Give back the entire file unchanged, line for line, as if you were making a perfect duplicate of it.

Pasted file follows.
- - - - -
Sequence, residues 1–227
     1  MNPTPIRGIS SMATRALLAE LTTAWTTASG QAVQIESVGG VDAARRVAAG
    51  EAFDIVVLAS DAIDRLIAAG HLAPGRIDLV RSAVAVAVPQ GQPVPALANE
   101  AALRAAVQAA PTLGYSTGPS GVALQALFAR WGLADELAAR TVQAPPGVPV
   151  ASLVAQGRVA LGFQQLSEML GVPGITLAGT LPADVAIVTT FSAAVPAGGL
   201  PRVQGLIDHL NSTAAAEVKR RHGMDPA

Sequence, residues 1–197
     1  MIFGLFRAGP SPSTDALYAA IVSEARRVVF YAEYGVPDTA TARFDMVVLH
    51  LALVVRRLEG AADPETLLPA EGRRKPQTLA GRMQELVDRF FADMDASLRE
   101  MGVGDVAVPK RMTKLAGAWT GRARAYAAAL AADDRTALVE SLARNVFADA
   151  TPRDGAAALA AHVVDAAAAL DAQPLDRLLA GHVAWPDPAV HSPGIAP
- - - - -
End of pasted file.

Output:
Sequence, residues 1–227
     1  MNPTPIRGIS SMATRALLAE LTTAWTTASG QAVQIESVGG VDAARRVAAG
    51  EAFDIVVLAS DAIDRLIAAG HLAPGRIDLV RSAVAVAVPQ GQPVPALANE
   101  AALRAAVQAA PTLGYSTGPS GVALQALFAR WGLADELAAR TVQAPPGVPV
   151  ASLVAQGRVA LGFQQLSEML GVPGITLAGT LPADVAIVTT FSAAVPAGGL
   201  PRVQGLIDHL NSTAAAEVKR RHGMDPA

Sequence, residues 1–197
     1  MIFGLFRAGP SPSTDALYAA IVSEARRVVF YAEYGVPDTA TARFDMVVLH
    51  LALVVRRLEG AADPETLLPA EGRRKPQTLA GRMQELVDRF FADMDASLRE
   101  MGVGDVAVPK RMTKLAGAWT GRARAYAAAL AADDRTALVE SLARNVFADA
   151  TPRDGAAALA AHVVDAAAAL DAQPLDRLLA GHVAWPDPAV HSPGIAP